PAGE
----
The World Population Day has apparently lost much of its appeal and significance not only to countries like Bangladesh but also to the international bodies dealing with population issues. Why? The impression is that Malthusian population growth could be reined in and there is nothing more to be done to check it.
If the day passes with little or no fervour demonstrated over its celebration on account of the pandemic, no one can be blamed. But for years, the world community seems to be far less worried than it was about baby boom before the new millennium. Is it because of the decline in the population sizes in developed and industrial countries or because the world produces more foods than its population can consume?
The United Nations and multilateral institutions have rather become enthusiastic about pursuing a sustainable development goal (SDG) for the developing countries. Many of these nations, including Bangladesh, have made tremendous progress over the decades and they can afford investment in raising the living standard of their peoples. Per capita income in such countries has shot up -in some cases three or four times the amount before the year 2000.
Amid the furore, the policymakers miss the wood for the trees. First, population explosion may not be as exponential as it was before but it still is a major concern in countries like Bangladesh. Second, quality of life at lower strata of society cannot be raised unless the chasm of socio-economic disparities is bridged.
The fact is, poor segments still value births of more children -particularly the male of them -- in their families because that would ensure more working hands. Unaware that addition of more mouths also requires more foods and more importantly they cannot be educated enough to take to more gainful occupations than their parents', they hardly opt for keeping family size small. In case of more girl child, their misery only compounds with greater compulsion for early marriage. Chances of surrendering teenage girls to domestic slavery in cities and towns or falling in the trap of human traffickers cannot be ruled out.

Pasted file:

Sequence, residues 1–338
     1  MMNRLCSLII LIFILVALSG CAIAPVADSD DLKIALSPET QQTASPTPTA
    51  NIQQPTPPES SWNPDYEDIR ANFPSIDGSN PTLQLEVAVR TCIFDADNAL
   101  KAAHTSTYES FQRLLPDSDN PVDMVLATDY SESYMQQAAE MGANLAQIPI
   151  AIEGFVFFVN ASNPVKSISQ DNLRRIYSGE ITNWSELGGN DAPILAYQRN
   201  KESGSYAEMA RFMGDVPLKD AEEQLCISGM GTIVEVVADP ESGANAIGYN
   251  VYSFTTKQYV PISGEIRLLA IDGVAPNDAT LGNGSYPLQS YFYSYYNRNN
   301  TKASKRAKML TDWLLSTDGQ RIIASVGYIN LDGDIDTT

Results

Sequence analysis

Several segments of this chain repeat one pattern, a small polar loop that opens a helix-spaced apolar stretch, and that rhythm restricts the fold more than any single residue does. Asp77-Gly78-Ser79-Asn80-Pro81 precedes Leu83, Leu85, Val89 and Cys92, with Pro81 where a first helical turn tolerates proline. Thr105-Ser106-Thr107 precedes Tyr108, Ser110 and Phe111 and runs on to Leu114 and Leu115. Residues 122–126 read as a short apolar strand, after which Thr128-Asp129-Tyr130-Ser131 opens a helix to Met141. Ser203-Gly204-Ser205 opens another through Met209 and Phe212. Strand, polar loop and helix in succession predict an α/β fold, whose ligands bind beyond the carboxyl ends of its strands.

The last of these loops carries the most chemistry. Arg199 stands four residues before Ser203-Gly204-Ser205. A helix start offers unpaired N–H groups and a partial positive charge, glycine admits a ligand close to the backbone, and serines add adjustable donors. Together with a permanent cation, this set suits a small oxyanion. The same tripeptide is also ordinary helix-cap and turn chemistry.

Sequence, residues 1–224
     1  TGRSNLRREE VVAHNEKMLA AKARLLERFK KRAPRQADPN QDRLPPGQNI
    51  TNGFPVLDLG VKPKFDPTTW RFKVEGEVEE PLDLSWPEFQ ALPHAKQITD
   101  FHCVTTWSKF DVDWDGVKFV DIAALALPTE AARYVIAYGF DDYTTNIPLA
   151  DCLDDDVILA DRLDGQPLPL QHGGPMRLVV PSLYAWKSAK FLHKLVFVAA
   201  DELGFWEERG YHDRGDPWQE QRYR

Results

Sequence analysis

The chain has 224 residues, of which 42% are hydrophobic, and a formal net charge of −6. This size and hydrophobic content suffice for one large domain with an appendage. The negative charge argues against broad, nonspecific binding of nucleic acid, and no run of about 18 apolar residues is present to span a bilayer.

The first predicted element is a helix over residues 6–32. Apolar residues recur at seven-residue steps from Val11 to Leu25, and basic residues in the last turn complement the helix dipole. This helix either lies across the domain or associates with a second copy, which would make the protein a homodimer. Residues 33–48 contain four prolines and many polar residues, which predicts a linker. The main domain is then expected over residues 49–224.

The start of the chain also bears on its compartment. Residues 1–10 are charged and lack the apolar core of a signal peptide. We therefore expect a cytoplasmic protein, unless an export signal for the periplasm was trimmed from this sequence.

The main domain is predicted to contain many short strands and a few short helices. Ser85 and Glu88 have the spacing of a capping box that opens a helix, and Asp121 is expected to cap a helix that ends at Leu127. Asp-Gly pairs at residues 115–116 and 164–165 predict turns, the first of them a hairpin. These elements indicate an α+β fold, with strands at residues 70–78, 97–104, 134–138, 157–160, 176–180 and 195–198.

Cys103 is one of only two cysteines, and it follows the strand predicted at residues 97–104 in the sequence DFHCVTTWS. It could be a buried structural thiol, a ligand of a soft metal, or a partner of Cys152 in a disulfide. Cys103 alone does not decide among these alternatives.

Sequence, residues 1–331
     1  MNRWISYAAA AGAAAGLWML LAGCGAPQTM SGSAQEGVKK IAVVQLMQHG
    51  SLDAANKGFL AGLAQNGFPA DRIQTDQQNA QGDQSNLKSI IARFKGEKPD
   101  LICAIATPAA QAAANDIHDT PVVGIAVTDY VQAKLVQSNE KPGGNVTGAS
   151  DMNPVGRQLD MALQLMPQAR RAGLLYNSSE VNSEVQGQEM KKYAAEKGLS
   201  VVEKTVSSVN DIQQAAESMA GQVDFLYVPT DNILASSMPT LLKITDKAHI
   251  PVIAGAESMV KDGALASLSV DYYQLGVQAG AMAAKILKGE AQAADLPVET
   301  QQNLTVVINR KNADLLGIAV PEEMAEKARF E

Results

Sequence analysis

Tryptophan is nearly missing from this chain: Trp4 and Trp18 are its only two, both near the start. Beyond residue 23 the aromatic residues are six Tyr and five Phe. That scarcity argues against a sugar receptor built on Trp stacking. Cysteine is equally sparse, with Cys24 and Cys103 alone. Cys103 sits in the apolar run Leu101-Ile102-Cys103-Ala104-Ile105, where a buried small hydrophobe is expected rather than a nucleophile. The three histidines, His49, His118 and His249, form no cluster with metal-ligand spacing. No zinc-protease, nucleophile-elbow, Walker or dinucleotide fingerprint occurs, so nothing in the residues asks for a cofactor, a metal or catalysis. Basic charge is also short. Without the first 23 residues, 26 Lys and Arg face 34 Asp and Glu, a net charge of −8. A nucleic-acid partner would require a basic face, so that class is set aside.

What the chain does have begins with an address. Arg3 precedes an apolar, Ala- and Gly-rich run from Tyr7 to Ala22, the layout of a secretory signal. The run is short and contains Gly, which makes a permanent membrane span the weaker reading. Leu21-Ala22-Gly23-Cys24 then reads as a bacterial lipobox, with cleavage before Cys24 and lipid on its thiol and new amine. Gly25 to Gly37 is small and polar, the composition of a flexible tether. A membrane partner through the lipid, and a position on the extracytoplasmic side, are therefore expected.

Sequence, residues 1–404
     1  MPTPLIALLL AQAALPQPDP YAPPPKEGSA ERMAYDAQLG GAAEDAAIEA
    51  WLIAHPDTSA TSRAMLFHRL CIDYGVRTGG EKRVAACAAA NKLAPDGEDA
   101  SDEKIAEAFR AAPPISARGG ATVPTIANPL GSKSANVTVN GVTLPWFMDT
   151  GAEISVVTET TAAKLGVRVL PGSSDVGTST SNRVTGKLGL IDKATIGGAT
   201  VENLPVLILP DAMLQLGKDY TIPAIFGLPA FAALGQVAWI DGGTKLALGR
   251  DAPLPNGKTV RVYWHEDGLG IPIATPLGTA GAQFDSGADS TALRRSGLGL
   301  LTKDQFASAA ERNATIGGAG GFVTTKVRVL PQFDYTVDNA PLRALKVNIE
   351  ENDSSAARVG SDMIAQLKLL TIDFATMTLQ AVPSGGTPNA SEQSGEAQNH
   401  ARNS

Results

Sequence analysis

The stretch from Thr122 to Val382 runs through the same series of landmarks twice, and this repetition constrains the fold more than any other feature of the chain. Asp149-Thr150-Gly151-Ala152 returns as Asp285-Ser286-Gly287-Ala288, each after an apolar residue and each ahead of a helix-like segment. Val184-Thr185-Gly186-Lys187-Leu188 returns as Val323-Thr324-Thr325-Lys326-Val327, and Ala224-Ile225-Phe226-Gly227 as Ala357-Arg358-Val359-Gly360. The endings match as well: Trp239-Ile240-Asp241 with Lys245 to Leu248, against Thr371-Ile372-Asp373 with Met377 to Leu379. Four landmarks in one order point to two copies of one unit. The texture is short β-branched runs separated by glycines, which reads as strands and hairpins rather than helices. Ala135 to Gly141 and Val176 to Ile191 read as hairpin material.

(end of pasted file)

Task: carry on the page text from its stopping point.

That the government's programme for feeding the vulnerable may help the poor and the extreme poor to keep their body and soul together but it is not enough to pull them out of the vicious cycle. Sons and daughters of the people languishing at the bottom rank are invariably fated to suffer the same miseries.
There lies the missing link of human development. This points to the fact that the need for population control in the majority of the countries of Asia, Africa and Latin America has not ceased. In fact, there is a greater need to address the issue with an open mind. The population control programme has gone haywire with the shrinking of international funds for the purpose.
The programme needs to be integrated with the food security network along with child education. A large number of people move between city slums and villages and a digital database of such people can be of immense help in checking a host of ills. In slums, polygamy is rampant where in most cases women are abandoned by their husbands who flee without leaving any address to be tracked down. Usually such women with children find themselves in dire straits. This is one reason why such children either turn out to be miserable vagabonds or petty criminals.
Access to family planning accessories such as contraceptives for such women like their kinds in villages is not guaranteed. Had the family planning workers made their door-to-door rounds as they did before to motivate such women about the need for family planning along with providing them those required materials, unwanted pregnancies could be avoided. This corona epidemic has already made the situation critical. As many as 47 million women in 114 low- and middle-income countries will be unable to use modern contraceptives if the pandemic-induced lockdown continues for six months. Even without the pandemic, the problem of dealing with unwanted pregnancies became acute in many countries like Bangladesh.
To raise the quality of life, there is definitely a need for refocusing on limiting the average birth rate among women at the bottom rank. This in turn will help reduce socio-economic disparities.